The former U.S. Army general who orchestrated the 2007 surge into Iraq that effectively allayed the last great bout of sectarian violence there said Monday he could have foreseen the rise of an al Qaeda-inspired insurgency movement currently seizing control of Syria and northern parts of Iraq.
Retired Gen. David Petraeus - who stepped down from his post as CIA director in 2012 after news surfaced that he was carrying on an extramarital affair with his biographer - explained at the 2014 Aspen Ideas Festival that he believes the gruesome conflict unfolding at the hands of militants with the Islamic State of Iraq and Syria (ISIS) was by no means without warning.
"I think people who have watched this closely - and I've been one of them - have seen this coming," he told CBS News' "Face the Nation" host Bob Schieffer during a moderated discussion. "There have been camps that have been established out just across the border in Syria. You could see the designs; you could hear what they said; you could see the increasing terrorist violence.
"...So this was something you could see coming," Petraeus went on. "But what I think did surprise people a bit, even though we knew about the circumvention and the [Iraqi] chain of command and the replacing the commanders, was how those commanders acted. Some of them literally got on helicopters and flew out before the battle, which obviously is a breaking of that all-important trust between leader and led."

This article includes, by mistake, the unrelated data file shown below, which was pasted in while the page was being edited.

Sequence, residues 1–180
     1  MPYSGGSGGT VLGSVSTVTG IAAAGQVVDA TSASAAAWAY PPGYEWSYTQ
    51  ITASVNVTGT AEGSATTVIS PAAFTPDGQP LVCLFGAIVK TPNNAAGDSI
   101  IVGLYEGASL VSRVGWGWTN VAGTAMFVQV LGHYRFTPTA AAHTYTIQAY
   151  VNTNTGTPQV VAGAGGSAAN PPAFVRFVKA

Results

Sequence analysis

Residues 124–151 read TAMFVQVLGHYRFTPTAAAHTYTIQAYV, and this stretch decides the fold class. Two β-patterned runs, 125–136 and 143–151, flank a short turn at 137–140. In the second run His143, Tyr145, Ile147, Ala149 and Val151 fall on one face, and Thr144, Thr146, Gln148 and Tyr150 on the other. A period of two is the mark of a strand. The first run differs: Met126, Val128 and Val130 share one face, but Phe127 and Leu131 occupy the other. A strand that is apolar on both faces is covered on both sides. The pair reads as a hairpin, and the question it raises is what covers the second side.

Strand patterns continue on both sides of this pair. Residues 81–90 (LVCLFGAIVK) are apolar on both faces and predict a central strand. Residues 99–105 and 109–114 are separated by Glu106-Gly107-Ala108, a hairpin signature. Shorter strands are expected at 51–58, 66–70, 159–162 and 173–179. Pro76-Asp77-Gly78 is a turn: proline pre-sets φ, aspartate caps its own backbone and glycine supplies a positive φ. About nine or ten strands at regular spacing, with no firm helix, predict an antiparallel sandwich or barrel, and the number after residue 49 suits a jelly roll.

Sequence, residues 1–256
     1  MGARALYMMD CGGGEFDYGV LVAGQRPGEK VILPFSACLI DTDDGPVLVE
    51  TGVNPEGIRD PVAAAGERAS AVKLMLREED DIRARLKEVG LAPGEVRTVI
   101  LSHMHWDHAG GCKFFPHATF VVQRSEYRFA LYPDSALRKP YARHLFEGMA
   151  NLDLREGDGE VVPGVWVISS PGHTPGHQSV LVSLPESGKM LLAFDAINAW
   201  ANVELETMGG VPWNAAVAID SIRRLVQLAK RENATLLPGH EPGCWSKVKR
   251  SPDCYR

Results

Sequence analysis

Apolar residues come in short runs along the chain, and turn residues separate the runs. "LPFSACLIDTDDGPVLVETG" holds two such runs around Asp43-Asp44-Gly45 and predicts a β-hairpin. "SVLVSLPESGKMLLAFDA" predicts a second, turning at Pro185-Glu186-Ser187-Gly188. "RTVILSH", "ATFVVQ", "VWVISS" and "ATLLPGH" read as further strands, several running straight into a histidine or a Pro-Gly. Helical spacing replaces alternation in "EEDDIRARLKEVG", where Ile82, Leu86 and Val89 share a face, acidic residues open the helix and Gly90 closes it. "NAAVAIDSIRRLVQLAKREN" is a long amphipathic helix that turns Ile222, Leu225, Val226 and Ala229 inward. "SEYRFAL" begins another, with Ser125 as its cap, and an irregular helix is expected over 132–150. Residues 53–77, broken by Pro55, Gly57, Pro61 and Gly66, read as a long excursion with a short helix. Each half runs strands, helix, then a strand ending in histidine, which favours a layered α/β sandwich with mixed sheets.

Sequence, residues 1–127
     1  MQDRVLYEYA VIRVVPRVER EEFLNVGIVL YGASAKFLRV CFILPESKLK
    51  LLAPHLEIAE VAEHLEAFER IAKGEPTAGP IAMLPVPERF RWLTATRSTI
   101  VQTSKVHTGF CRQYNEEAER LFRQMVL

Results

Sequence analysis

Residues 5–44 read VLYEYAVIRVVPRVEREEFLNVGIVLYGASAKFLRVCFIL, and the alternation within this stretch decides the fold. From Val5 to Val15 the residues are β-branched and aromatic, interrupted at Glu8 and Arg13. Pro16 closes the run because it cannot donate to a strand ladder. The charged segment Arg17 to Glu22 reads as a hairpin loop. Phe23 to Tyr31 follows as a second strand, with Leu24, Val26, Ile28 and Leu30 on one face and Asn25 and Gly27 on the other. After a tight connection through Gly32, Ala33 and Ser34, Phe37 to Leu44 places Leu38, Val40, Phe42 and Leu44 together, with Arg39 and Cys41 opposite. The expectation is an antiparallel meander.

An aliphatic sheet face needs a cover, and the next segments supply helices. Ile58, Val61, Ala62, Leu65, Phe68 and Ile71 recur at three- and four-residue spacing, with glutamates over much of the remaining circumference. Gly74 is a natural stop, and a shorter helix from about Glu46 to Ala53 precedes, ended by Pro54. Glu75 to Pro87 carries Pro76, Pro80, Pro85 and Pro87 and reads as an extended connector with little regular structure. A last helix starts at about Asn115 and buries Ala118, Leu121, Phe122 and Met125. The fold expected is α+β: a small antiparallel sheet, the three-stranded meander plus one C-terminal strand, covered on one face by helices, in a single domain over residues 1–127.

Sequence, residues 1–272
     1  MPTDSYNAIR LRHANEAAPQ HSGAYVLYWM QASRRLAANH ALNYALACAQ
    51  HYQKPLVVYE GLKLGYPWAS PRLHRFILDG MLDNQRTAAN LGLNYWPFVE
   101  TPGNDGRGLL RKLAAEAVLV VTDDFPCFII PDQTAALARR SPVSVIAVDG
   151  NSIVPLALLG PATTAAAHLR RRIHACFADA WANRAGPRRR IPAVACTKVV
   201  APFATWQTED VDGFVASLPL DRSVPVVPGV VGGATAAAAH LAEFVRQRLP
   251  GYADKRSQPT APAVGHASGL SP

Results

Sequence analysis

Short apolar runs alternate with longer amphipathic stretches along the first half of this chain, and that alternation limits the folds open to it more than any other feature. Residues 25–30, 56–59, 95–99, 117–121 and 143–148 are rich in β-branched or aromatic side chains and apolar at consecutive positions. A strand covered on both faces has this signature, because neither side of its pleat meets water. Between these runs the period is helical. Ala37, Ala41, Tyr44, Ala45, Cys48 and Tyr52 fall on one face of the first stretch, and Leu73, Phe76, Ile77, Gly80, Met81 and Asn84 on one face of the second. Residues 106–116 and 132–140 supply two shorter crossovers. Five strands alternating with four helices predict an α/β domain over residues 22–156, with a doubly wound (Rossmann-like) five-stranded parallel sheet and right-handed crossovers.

Analysts have predicted the factionally roused bloodletting could devolve into a significant threat to not only global security but U.S. counterterrorism efforts in the years ahead. Petraeus agreed it has the potential to become "a big deal" for the West, but cautioned the U.S. against becoming militarily involved even as more and more foreign nationals join the ISIS militia fighters bearing down on Baghdad.
"We've postured a huge amount of forces," Petraeus said. "I do know there are 35 to 40 sorties per day of unmanned and manned, and some of those are now armed, and Intelligence, Surveillance, and Reconnaissance missions, we are developing the intelligence picture that is crucial if you're actually going to take kinetic action. It will have to, understandably, be precise.
"We should be very careful, though, not to become the Air Force for one side in a sectarian civil war," he went on. "Rather, what we need to do is support a government of Iraq that meets the goals established by Grand Ayatollah Sistani, the cleric of Najafs looked to by the majority of the Shia population in Iraq."